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The walls within: working with defenses against otherness

Online Conference 5-11 July 2021

THE OTHER in the Politics of Relatedness between Developing and Developed Nations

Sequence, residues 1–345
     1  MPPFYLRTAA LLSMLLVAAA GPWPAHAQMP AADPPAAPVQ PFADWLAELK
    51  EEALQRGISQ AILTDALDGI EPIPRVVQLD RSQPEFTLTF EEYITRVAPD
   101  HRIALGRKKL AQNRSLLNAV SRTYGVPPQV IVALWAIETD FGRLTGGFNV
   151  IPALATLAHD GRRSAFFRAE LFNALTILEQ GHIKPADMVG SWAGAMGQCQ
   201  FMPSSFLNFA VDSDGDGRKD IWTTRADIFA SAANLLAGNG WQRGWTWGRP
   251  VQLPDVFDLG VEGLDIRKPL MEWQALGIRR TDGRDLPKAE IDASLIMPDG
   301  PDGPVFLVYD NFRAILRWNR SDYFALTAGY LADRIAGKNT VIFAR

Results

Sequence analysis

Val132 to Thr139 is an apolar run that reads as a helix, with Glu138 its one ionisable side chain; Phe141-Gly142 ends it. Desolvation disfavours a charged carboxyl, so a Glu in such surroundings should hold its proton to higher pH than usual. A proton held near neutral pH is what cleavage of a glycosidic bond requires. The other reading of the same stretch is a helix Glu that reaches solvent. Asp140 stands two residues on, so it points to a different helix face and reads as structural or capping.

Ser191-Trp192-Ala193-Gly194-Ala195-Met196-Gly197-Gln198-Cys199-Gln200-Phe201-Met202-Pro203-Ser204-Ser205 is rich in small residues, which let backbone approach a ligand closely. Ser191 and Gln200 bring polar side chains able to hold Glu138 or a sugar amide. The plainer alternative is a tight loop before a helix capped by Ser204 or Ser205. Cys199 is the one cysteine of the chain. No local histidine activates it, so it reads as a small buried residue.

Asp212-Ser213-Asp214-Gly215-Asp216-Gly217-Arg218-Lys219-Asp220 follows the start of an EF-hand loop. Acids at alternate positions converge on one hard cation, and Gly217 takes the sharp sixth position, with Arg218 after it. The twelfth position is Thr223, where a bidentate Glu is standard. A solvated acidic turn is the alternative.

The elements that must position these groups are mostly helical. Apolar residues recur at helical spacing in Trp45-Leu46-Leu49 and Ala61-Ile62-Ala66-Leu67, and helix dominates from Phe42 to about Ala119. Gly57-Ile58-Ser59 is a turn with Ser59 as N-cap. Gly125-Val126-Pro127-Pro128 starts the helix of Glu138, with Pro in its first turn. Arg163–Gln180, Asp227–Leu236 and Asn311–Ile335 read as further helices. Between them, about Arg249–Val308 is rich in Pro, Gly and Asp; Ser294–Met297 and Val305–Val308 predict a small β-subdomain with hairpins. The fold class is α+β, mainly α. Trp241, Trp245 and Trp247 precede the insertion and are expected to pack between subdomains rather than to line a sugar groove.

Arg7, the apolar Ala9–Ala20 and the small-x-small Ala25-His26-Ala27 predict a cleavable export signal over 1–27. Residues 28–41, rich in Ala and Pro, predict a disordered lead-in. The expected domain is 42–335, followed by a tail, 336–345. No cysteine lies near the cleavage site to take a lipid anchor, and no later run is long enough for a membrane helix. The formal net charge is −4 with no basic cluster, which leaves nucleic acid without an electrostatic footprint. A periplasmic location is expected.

I have been thinking and writing about the politics of relatedness between Developing and Developed Nations since 1985. Until 1993, my hypotheses about this relatedness were based on my understanding of what Klein wrote about the mechanisms of splitting and projection, and Bions explanation of those two mechanisms in the context of the relationship between the individual and the group. According to Klein (1975), the presence of an 'other' is required for every individual in order to grow and develop. While the person is very young and weak, the ego also remains comparatively weak. As a result managing the process of receiving innumerable stimuli from the external world and dealing with those becomes very difficult. The little person cannot accept oneself as incomplete and full of weakness and aggression. The need then arises to rid oneself of those inner attributes that one cannot accept, i.e. cannot admit in to ones conscious, ones memory. Through the attempt at ridding to buy the rather temporary feeling of goodness, to temporarily rid oneself of inner tension, one splits those unacceptable attributes and the associated feelings from the wholeness of ones being and projects those on to one or more persons, who are the 'others'. This process becomes easier as the other is perceived as different, distant and alien. As a person becomes more and more mature, the intensity of this need goes down. However, once this unconscious process starts in infancy, it continues, like most other unconscious processes, in ones adult life as well. The nature and intensity changes contextually and varies from individual to individual, largely depending on their degree of psychic maturity. Bion (1961) explains how these processes operate when a person becomes part of a group. Coming together in a group creates a kind of regressed mental condition in which one identifies oneself with the group and feels secure. Some parts of the self then feels small and dependent, like when one was as a very young person. In the case of most, if not all, groups, individuals forming the group from time to time mentally regress, giving rise to what Bion calls the basic assumptions (ba). In the grip of a ba, the group operates on fantasies that threaten their togetherness, threaten their very existence, albeit in their mind.'